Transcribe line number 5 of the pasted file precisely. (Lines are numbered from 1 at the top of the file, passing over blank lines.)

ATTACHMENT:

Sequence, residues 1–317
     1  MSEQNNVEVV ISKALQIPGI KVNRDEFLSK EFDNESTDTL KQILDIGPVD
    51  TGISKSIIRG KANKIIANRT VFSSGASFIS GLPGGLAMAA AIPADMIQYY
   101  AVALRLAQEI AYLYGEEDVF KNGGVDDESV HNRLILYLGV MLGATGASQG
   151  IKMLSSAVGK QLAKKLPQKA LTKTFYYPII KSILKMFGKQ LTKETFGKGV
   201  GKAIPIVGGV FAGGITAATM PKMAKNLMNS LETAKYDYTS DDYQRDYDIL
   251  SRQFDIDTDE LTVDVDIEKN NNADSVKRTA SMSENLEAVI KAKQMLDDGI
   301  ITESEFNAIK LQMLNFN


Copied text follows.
   151  IKMLSSAVGK QLAKKLPQKA LTKTFYYPII KSILKMFGKQ LTKETFGKGV